American Iconoclast

By Lawrence A. Johnson

For most of his lifetime, Charles Ives was regarded as something of a benighted crank. The Danbury, Connecticut, native was successful in the insurance business, but little of his music was known or performed while he was alive. In the 1950s and, largely, after his death, Ives’ stupefying originality and the innovative, experimental nature of his music were finally recognized when he was championed by Leonard Bernstein and others.

 The New World Symphony will honor Charles Ives this weekend with a four-night festival that will offer a quick immersion into Ives’ unique world, a decidedly American musical landscape that is familiar and at the same time strange and a bit unsettling.

 “I remember when I was a youngster and I first heard some of Ives’ music,” recalls Michael Tilson Thomas, New World artistic director who will be conducting several of this weekend’s performances. “There was some music that was so enchanting and beautiful—and other music that was so confounding and disturbing.

 “And that was the voyage I had to go through to understand how much of the music actually is beautiful—Ives stretches your idea of just how far beauteous music can go.”

 Ives wrote in nearly every genre except opera: symphonies, chamber music, instrumental works, and songs, all of which will be represented on this weekend’s In-Context Festival.

 For Tilson Thomas, the challenging journey through Ives music has been a lifelong enthusiasm that has produced several recordings, including an acclaimed series with the Chicago Symphony Orchestra, and a delightfully quirky disc of choral and solo songs with Thomas Hampson.

 The iconoclastic composer was born in 1874 and came of age at a time when there was no American classical tradition to speak of. Brahms and Dvorak were the leading voices of the day, influences clearly dominant in Ives’ First Symphony.

 Yet Ives soon found his own, aggressively nationalistic voice. The small-town New England of Ives’ youth permeates his idiosyncratic music: patriotic odes, hymn tunes, holiday marches, and sentimental parlor ballads—often thrown together in his when-worlds-collide style, like a 19th-century Flag Day celebration with dangerously spiked punch. “In ‘thinking up’ music,” Ives once said, “I usually have some kind of a brass band with wings on it in back of my mind.”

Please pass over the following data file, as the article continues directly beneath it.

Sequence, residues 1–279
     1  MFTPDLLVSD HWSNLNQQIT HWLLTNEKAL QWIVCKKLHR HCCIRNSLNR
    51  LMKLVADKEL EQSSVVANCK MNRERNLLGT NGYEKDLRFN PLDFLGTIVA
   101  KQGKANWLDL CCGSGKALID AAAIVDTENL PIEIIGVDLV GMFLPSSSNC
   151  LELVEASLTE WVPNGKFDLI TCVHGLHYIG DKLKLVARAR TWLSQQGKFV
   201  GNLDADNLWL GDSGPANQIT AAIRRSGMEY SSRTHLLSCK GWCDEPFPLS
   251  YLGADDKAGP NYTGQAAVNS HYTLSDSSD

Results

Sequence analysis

Indeed, there is great depth and expressive  power in Ives’ finest songs, the spare, existential elegance of The Unanswered Question, or the yearning lyricism of the slow movement of the Symphony No. 2. Then there’s the same work’s crazed finale, which is interrupted by Turkey in the Straw, Bringing in the Sheaves and Columbia, the Gem of the Ocean, and rounded off with a rude raspberry blat.

 The influence of his music is “enormous,” says Tilson Thomas and Ives seemed to anticipate nearly every homegrown musical movement of the last century.  “Inside of Charles Ives there is definitely music that sounds like Copland or Gershwin or Cage or John Adams or Sam Barber—practically every other American composer,” says MTT.

 Thursday night will offer a prelude of sorts, with a panel discussion with Tilson Thomas and other Ives specialists, and a screening of the Ives documentary, A Good Dissonance Like a Man. On Friday, several short works will be performed including his Piano Trio, Three Places in New England, Central Park in the Dark, and The Unanswered Question. Ives’ vast Holidays Symphony will be presented Saturday, preceded by performances of some of the hymns and songs that inspired the work.

 Sunday will be devoted to just one Ives work, his epic Piano Sonata No. 2, the Concord, heard in two versions: first the original piano version with Jeremy Denk and then, Henry Brandt’s envelope-pushing orchestration.

 Yet even with his acknowledged stature even Ives’ most accessible works like The Unanswered Question or Three Places in New England seem to be less often heard now than twenty years ago.